Learn why the duration of interactions is important when it comes to the customer experience and the success of your service organization.
There are many important performance metrics within the contact center. From first call resolution to average handle time, there’s much to be gained from evaluating data from customer interactions. However, one of the most important key performance indicators (KPIs) that continues to be important as customer journeys become increasingly complex is average handle time.
Average Handle Time: What Is It?
Average handle time is a metric that indicates the average duration of a customer transaction. It is measured from the time a call is initiated through the conclusion of any related tasks that followed the interaction. One of the primary purposes of calculating the average handle time is to help make decisions on call center staffing. It is also used as an agent-level performance measurement.
How to Calculate It
To calculate average handle time, there is a standard formula:
Average Handle Time = (Total Talk Time + Total Hold Time + Total Wrap-up Time) / Number of calls handled
What Drives Up Average Handle Time
There are several reasons why your average handle time might be higher than it should be:
- Slow computer systems
- Lack of a unified desktop
- Ineffective routing
- Poor agent training
- High turnover
- Long stretches on hold
- Overly complex processes
- Lack of management support
Using average handle time as a performance measure also can result in some negative consequences. It can either intentionally or unintentionally make agents focus on the speed of the interaction rather than the quality of the service being provided. It also can lead to agents “cutting off” calls if they approach an average handle time target length or transferring difficult callers to other departments.
How to Reduce Average Handle Time
There are many strategies for reducing average handle time. However, it’s always important to carefully consider the impact on the customer experience when implementing them. A few that can create the biggest decrease in call duration while supporting a quality customer experience include:
- Identify processes that can be reduced or automated
Often, simple tweaks to processes can lower average handle time. Look for those processes with a duplication of work or where tasks can be easily automated or digitized.
- Use skills-based routing
Traditional queue-based routing places all callers into a single queue to wait for the next available agent. It doesn’t enable callers to be directed to the best possible agent for their specific need. Once this change is made, calls can be routed based on specialism to the best qualified, available agent.Use call analysis softwareUtilize your call analysis tools to analyze calls and uncover weak areas or gaps in service that are slowing down the handling time. Once you have identified these areas, take corrective action, such as making system improvements or initiating additional training.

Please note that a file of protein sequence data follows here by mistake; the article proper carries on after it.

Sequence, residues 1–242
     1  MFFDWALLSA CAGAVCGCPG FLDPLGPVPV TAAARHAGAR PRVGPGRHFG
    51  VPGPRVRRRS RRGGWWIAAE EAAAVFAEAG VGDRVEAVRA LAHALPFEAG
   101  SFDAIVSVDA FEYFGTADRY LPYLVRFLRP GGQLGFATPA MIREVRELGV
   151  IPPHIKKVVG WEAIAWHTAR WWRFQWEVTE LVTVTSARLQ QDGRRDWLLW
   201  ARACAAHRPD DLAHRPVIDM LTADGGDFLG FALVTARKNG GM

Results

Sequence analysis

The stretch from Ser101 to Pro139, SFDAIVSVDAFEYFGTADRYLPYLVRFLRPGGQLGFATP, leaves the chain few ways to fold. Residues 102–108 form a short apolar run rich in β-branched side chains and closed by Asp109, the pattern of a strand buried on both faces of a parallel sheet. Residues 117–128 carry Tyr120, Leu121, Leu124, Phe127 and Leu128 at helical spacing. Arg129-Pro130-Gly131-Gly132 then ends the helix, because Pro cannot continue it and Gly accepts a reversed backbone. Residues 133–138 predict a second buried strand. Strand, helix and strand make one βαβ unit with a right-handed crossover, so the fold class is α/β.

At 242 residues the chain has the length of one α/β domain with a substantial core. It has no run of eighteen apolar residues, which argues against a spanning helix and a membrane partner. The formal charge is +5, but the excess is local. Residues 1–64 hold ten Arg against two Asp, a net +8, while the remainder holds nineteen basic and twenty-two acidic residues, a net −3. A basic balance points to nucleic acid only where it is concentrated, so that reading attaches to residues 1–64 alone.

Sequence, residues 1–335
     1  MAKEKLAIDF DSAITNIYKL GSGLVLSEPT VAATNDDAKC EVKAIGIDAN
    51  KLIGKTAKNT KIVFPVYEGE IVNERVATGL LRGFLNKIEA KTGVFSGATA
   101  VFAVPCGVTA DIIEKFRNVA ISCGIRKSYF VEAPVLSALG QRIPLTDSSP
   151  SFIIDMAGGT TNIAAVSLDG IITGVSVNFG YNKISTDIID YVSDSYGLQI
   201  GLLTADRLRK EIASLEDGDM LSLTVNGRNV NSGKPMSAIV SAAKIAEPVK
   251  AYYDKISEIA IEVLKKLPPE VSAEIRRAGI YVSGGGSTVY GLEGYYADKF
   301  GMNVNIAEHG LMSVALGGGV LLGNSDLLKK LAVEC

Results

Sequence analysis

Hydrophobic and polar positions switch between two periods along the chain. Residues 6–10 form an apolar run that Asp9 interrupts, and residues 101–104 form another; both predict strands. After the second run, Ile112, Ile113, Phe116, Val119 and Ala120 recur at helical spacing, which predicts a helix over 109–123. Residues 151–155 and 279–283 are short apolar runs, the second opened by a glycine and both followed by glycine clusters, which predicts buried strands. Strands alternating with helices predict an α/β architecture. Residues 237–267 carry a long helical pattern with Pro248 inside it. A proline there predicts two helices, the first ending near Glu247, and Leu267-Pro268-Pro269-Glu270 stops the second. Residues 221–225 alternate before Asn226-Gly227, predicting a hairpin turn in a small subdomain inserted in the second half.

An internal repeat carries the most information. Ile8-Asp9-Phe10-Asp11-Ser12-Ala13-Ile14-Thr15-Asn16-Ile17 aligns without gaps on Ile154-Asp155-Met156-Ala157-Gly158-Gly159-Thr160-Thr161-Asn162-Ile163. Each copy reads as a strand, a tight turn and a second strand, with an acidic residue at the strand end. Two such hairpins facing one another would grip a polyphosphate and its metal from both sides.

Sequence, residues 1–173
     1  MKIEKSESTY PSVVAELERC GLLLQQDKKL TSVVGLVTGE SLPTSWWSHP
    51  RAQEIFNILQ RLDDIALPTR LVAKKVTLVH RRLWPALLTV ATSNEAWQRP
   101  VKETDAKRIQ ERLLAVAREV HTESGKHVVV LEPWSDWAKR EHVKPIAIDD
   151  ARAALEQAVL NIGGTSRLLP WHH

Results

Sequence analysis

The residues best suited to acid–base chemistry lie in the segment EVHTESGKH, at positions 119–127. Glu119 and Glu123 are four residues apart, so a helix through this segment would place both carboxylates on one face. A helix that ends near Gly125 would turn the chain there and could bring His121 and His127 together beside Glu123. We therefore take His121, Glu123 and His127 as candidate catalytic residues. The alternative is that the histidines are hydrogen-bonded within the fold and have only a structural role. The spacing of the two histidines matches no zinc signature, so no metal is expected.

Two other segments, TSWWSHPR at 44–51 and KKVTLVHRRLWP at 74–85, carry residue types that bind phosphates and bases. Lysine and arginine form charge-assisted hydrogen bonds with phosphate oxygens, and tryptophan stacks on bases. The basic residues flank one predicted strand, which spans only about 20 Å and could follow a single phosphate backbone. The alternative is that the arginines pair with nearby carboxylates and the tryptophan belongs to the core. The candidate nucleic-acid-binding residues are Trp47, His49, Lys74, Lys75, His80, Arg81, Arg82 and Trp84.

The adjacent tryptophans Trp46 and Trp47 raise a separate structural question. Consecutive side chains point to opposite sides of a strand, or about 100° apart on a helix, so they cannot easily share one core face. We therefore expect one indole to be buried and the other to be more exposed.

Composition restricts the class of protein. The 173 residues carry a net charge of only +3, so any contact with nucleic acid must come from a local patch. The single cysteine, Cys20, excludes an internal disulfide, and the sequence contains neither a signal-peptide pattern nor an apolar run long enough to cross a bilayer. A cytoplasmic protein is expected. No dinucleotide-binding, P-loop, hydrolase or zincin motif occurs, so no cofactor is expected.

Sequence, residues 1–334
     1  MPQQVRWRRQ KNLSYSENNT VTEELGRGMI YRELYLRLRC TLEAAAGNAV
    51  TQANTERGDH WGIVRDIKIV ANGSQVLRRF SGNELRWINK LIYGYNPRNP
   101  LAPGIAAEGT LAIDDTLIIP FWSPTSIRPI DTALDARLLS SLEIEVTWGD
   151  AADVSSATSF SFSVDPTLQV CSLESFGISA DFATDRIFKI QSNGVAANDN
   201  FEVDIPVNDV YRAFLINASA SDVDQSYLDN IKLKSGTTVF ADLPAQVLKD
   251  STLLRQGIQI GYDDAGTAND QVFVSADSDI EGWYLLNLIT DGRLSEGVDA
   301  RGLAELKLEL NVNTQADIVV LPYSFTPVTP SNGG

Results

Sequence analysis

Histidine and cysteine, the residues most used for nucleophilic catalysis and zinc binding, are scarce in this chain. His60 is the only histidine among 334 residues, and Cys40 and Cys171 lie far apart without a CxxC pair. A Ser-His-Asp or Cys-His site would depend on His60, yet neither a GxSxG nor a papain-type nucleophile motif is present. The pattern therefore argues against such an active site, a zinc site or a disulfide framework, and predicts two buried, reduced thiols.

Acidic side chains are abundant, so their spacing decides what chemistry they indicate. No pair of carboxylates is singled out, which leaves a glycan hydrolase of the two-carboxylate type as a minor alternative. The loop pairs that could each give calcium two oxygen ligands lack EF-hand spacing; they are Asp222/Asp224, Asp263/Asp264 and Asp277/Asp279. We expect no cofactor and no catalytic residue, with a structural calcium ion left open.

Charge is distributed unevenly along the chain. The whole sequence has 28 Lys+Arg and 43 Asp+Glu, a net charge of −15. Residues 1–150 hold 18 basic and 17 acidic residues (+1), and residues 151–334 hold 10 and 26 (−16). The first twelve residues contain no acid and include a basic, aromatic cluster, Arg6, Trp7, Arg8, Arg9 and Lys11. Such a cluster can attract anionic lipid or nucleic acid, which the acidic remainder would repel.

- Encourage agents to focus on listening
Agents can get into the service-hindering habit of interrupting callers by focusing too much on process and not enough on the customer experience. The importance of listening and not interrupting callers cannot be overstated. Train agents to allow each caller to state their issue without interruption, then recap and confirm understanding. Only one query should be addressed at a time. This strategy is particularly important when callers have escalated issues or are unhappy with a previous interaction.
- Carefully analyze the top 5 call types
Through call analysis software, you can identify, measure and analyze the most common types of incoming calls and focus training on them. This includes removing unnecessary steps and processes during these types of calls and empowering agents with the tools and authority they need to successfully complete them.
Average Handle Time Improvement Is a 3-Step Process
Although there are countless ways to lower average handle time, almost all of them can be placed into three distinct buckets – system improvement, process improvement and agent support.
1. System improvement – Making changes to the IVR system, providing a unified desktop and implementing skills-based routing.
2. Process improvement – Removing redundancies and increasing efficiency of every step the agent must take to complete an interaction.
3. Agent support – Training, greater authority, providing feedback and removing unrealistic goals.
The Impact of Self-Service on Average Handle Time
Many KPIs have been impacted by the introduction of digital channels, including average handle time. Because customers are more likely than ever to address simple issues via digital self-service options, like IVR and mobile apps, the voice channel is being used more for complex issues. This results in agents having to spend more time with customers or having to transfer them to others for additional help.
Many industry analysts believe that voice will increasingly become an escalation channel, rather one for primary service. Thus, the average handle time metric will need to continuously be reassessed as the voice channel continues to evolve.